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  • Grumman F-14 Tomcat Swing-Wing Carrierborne Fleet Defense Fighter Aircraft


    Born from the aborted F-111B naval initiative, the Grumman F-14 Tomcat proved itself the naval interceptor-of-choice during the latter stages of the Cold War.

     Updated: 4/5/2017; Authored By Staff Writer; Content ¬©www.MilitaryFactory.com


    The Grumman F-14 "Tomcat" was the quintessential United States Navy (USN) fleet defense interceptor of the latter Cold War years. Its existence was brought about largely due to the demise of the failed F-111B initiative, a carrier-based version of the large General Dynamics F-111 "Aardvark" swing-wing fighter-bomber. The B-model was intended to succeed the storied (though aging) McDonnell Douglas F-4 "Phantom II" line but the ballooning endeavor fell to naught, leaving the USN without a suitable replacement. Grumman, already having worked under the General Dynamics banner on the F-111B project, took on a private venture role in developing a future fleet defense fighter for possible sale to the USN. One of the resulting designs became company model "G-303" and, when presented to the USN, beat out a competing submission from McDonnell Douglas. The aircraft fell under the new project acronym of "VFX" ("Naval Fighter Experimental").

    VFX called for an aircraft platform with enhanced agility (when compared to the outgoing fleet of F-4 Phantoms). Additionally, it was to serve beyond the interception role and provide its crew with air combat capabilities that the F-111B was never going to match for it proved an overweight, underperforming system at its core. The aircraft would utilize a crew of two (as in the F-111) to help spread the workload and operate the powerful onboard radar, weapons, and general missions systems. The radar of choice became the AWG-9 X-band pulse Doppler radar system for very-long-range search and tracking functionality for engagement of aerial targets - aircraft or cruise missiles. The system offered a range out to 170 nautical miles which provided the aircraft a Beyond Visual Range (BVR) attack capability. In this way, the crew could fire on targets before the enemy ever registered the aircraft on radar. The radar itself was an in-development solution for the proposed, though ultimately abandoned, F-111B. The radar-guided Hughes AIM-54 "Phoenix" - the "Million Dollar Missile" - provided a new, long-range air-to-air missile threat and become the aircraft's primary weapon. It was also initially developed for the F-111B program. Power to the airframe would be served from a twin-engine, side-by-side arrangement through Pratt & Whitney TF30 afterburning turbofans - engines also slated for the failed F-111B. The Grumman product was granted the USN designation of "F-14" continuing the storied relationship between the service branch and the carrier-based fighter concern that stretched back to the days of World War 2 and the F4F "Wildcat" fighter.


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    Grumman F-14D Technical Specifications


    Service Year: 1974
    Type: Swing-Wing Carrierborne Fleet Defense Fighter Aircraft
    National Origin: United States
    Manufacturer(s): Grumman - USA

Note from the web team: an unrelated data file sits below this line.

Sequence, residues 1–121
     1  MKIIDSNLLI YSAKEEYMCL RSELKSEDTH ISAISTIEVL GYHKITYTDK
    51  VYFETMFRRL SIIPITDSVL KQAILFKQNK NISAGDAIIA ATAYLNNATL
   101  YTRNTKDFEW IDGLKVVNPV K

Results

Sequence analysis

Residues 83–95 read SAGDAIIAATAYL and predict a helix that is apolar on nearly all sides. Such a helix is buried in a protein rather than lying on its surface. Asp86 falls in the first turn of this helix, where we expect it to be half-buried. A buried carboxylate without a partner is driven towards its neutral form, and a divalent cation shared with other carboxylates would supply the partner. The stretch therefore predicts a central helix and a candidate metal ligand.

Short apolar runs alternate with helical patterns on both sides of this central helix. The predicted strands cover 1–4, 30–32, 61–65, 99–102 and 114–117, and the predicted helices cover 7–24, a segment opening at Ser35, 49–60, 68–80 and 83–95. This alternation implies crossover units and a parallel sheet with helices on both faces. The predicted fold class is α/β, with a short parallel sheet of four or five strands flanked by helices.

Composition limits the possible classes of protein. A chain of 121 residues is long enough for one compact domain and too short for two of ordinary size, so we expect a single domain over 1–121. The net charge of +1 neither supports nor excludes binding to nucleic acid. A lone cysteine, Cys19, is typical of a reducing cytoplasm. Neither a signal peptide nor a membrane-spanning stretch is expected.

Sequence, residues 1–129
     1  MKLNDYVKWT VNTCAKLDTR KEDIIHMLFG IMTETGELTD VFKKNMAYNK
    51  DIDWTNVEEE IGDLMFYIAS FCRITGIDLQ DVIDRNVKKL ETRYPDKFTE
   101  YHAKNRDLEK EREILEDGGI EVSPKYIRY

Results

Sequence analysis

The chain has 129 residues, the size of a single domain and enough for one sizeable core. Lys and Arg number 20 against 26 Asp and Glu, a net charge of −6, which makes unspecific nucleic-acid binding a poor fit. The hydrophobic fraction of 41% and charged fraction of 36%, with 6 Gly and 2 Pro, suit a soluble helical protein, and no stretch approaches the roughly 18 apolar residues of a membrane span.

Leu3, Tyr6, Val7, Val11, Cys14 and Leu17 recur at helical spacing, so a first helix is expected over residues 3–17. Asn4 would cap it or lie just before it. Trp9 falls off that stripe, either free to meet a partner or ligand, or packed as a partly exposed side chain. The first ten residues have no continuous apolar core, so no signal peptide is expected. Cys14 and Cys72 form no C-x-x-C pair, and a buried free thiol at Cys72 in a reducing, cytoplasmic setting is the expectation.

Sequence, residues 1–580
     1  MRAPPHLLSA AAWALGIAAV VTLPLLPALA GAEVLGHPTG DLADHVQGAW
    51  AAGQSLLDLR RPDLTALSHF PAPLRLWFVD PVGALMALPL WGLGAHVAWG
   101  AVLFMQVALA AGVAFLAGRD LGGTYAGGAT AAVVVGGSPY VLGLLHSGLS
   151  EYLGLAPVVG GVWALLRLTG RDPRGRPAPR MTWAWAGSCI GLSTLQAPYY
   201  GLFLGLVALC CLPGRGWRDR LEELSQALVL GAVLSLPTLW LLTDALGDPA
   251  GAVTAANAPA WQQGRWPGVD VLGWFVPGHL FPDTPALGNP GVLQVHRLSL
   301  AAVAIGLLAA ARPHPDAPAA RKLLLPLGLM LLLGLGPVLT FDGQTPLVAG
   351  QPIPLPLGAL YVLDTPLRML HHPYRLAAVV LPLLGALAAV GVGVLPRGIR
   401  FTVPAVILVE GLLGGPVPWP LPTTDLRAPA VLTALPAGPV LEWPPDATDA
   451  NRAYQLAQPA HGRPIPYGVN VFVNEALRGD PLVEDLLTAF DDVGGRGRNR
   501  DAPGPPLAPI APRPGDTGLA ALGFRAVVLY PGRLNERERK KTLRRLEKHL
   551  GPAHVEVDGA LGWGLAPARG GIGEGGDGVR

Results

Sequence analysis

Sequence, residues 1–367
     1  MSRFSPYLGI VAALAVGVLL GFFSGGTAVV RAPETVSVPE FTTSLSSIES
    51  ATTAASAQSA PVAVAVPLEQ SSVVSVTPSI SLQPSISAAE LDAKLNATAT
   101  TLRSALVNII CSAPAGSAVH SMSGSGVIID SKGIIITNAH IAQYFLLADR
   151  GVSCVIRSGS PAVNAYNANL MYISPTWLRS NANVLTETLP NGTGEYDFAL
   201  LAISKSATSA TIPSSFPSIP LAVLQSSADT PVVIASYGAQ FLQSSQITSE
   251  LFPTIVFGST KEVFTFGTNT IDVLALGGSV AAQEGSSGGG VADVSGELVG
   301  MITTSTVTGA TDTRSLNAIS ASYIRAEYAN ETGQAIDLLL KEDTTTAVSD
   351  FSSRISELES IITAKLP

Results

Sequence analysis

Production Total: 712



    Structural (Crew Space, Dimensions and Weights)


    Operating Crew: 2
    Length: 62.66 feet (19.1 meters)
    Width: 64.14 feet (19.55 meters)
    Height: 16.01 feet (4.88 meters)

    Weight (Empty): 43,740 lb (19,840 kg)
    Weight (MTOW): 74,340 lb (33,720 kg)

    Installed Power and Standard Day Performance


    Engine(s): 2 x General Electric F110-GE-400 turbofan engines with afterburn developing 27,800lb of thrust.

    Maximum Speed: 1,544 mph (2,485 kph; 1,342 knots)
    Maximum Range: 1,864 miles (3,000 km)
    Service Ceiling: 49,869 feet (15,200 meters; 9.44 miles)
    Rate-of-Climb: 45,000 feet-per-minute (13,716 m/min)

    Armament / Mission Payload


    STANDARD:
    1 x GE M61A1 Vulcan 20 mm internal cannon

    OPTIONAL:
    Mission-specific ordnance can include any of the following:

    AIM-54 Phoenix long-ranged air-to-air missiles
    AIM-7 Sparrow medium-ranged air-to-air missiles
    AIM-9 Sidewinder short-ranged air-to-air missiles

    Ability to carry conventional and laser guided bombs in "Bombcat" offshoot. Self-designate with LANTIRN pod.

    GBU-10, GBU-16, GBU-24/GBU-24E, GBU-31, GBU-38 Joint Direct Attack Munition (JDAM), Paveway I/II/III laser-guided bombs and Mk-20 Rockeye II and Mk-82/-83/-84 general purpose bomb(s).

    External fuel tanks possible at two hardpoint positions.

    Global Operators / Customers


    Iran; United States (retired)

    Model Variants (Including Prototypes)


    G-303 - Developmental Model Series Designation

    YF-14A - Preproduction Model Series Designation; 12 produced.

    F-14A - Initial Production Model

    F-14A/TARPS - Reconnaissance Model Designation fitted with ventral equipment pod.

    F-14+ ("Plus") - Improved F-14A; GE F110-GE-400 turbofan engines; improved performance; new RWR; lengthened jet pipes; 38 new-build and 48 A-model conversions; redesignated to F-14B.

    F-14B - Redesignation of F-14+ models

    F-14C - Proposed multi-mission Tomcat; not furthered

    F-14D - Fitted with General Electric F110-GE-400 turbofan engines; digital cockpits; avionics, and radar processing; AN/APG-71 radar system; IRST pods under nose; improved RWR; NACES ejection seats; 37 new-build and 18 A-model conversions.